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Autism Spectrum Disorders: Making connections

  1. Justin W Kenney
  2. Paul W Frankland  Is a corresponding author
  1. Hospital for Sick Children, Canada
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Cite this article as: eLife 2014;3:e05504 doi: 10.7554/eLife.05504

Abstract

Deleting a gene called Sema5A, which has been linked to autism in humans, causes neurons to form more connections in mice, and also alters how these mutant mice interact with other mice.

Main text

Autism spectrum disorders—such as Asperger syndrome and childhood autism—have long been known to have a significant genetic component (Ronald and Hoekstra, 2011). However, the biological basis of these disorders has remained largely elusive. Hundreds of genes have been linked to autism spectrum disorders (or ASDs), but most only contribute a small increase in risk (Devlin and Scherer, 2012).

It has been proposed that ASDs are caused by the abnormal development or dysfunction of synapses: these are the connections between neurons that allow chemical signals to be sent from one neuron to another in the brain (Sudhof, 2008). The dysfunction is thought to lead to a change in the relative numbers of excitatory and inhibitory signals received by neurons. Now, in eLife, Roman Giger and colleagues at the University of Michigan School of Medicine and the Johns Hopkins University School of Medicine report additional evidence for a link between ASDs and dysfunctional synapses (Duan et al., 2014).

Previous studies have shown that small genetic differences near a human gene called SEMA5A confer an increased risk for ASDs. It has also been shown that SEMA5A expression is reduced in the brains of people with ASDs (Weiss et al., 2009). The SEMA5A gene encodes a transmembrane protein called Semaphorin 5A that is important for guiding the branches of neurons during development (Kantor et al., 2004). Consistent with a prominent role of synapses in ASDs, Giger and colleagues—who include Yuntoa Duan and Shih-Hsiu Wang as joint first authors—report that deleting the Sema5A gene from mice results in an increase in the density of synapses and in increased transmission of excitatory signals across synapses (Figure 1). The increase in synaptic density appears in granule cells in a region of the brain called the dentate gyrus, which is found in the hippocampus.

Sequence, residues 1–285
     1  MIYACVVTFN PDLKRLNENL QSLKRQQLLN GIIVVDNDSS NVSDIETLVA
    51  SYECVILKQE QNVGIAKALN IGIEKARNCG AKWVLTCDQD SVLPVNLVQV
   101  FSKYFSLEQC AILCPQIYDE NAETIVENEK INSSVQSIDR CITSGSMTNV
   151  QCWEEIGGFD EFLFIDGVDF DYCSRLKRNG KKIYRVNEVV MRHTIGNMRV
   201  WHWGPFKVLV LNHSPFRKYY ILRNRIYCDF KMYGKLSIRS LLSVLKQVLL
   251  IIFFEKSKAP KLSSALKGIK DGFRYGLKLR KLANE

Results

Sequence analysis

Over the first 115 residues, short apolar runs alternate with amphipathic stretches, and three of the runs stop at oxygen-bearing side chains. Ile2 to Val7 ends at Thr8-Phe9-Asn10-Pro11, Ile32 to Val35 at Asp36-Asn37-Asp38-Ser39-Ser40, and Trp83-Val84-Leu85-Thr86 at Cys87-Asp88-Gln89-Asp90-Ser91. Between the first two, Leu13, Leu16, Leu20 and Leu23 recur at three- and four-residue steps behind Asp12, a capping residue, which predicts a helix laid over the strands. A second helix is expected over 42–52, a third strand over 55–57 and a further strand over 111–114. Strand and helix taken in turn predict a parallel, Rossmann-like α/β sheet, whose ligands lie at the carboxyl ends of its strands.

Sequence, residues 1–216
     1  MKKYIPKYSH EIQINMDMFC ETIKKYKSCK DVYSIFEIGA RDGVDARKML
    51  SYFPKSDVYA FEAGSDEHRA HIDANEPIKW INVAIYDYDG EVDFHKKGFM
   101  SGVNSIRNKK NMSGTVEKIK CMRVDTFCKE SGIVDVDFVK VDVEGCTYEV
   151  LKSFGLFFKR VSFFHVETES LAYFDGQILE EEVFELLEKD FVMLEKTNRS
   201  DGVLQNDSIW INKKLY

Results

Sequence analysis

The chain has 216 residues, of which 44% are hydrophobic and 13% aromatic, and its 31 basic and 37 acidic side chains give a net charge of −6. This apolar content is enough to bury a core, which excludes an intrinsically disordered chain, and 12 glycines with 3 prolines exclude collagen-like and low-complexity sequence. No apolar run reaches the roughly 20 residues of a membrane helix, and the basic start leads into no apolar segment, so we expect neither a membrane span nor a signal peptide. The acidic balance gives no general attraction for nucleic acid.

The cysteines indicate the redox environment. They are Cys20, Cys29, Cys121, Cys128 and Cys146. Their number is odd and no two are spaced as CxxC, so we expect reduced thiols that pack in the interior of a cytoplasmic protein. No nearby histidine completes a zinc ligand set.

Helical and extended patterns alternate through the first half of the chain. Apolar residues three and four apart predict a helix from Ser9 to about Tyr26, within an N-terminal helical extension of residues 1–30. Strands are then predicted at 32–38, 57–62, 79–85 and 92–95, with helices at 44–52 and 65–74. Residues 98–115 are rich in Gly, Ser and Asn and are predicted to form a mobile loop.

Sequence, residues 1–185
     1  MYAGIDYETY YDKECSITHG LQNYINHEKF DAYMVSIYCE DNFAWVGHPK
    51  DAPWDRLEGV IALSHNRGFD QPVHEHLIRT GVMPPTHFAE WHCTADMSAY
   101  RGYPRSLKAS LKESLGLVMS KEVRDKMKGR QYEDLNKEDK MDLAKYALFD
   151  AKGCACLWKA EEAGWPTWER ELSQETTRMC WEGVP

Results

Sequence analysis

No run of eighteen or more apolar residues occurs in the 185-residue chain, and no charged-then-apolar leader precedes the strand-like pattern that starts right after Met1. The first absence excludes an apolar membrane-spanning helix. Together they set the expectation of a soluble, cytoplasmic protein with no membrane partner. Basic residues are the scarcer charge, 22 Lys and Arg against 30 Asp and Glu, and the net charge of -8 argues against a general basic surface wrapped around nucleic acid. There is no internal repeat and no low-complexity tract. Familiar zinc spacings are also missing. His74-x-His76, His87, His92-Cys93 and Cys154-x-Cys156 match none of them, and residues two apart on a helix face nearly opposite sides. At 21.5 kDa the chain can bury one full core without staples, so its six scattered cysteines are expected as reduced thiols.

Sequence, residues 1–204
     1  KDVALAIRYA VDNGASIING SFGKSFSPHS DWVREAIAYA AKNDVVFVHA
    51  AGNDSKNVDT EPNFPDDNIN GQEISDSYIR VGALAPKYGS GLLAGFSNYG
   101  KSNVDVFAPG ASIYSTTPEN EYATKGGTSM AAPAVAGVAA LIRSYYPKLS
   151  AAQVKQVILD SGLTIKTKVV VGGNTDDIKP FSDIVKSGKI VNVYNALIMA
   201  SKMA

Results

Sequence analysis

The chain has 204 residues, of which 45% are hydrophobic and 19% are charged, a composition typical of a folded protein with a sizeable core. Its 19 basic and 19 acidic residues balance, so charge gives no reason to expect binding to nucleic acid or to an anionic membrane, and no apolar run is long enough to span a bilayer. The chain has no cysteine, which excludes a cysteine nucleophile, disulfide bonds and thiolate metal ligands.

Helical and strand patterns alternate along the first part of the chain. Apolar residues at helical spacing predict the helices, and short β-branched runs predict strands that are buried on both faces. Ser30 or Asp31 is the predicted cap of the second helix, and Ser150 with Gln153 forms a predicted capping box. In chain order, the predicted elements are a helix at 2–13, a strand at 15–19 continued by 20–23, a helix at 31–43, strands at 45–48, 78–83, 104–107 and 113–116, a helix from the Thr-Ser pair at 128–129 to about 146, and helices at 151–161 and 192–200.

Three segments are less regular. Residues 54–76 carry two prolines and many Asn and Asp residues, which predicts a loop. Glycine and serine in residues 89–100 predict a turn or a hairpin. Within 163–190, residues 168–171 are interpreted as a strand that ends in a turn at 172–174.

Deleting the gene for Semaphorin 5A in mice increases the density of synapses and changes how mutant mice interact with other mice.

Duan, Wang et al. report that semaphorin 5A (blue) inhibits the formation of synapses (shown inside the grey oval; left) in granule cells in the dentate gyrus of the hippocampus by interacting with a protein called plexin-A2 (green). This occurs in granule cells that developed in the embryo and have matured, and also in granule cells that formed during adulthood. In the absence of Semaphorin 5A, the density of synapses increases (right). Wild-type mice (bottom left) prefer to interact with an unfamiliar mouse (light brown) over a familiar mouse (dark brown). In contrast, Sema5A knockout mice (bottom right) show greater preference for a familiar mouse, which mimics the social anxiety seen in autism spectrum disorders.

At the behavioural level, ASDs are characterised by a combination of abnormal social interactions, difficulties with communication and repetitive behaviours. Alterations in ASD genes related to synaptic function typically result in deficits in social interactions in mice (Ey et al., 2011). Consistent with this previous work, Duan, Wang et al. report that mice in which the Sema5A gene has been ‘knocked-out’ perform poorly in a social preference task, but show normal levels of performance in several other learning tasks or behaviours. Such specific deficits suggest that different behaviours observed in ASDs may be underpinned by distinct biological processes. However, it is not clear how an increase in the synaptic density in granule cells of the dentate gyrus leads to deficits in social interactions.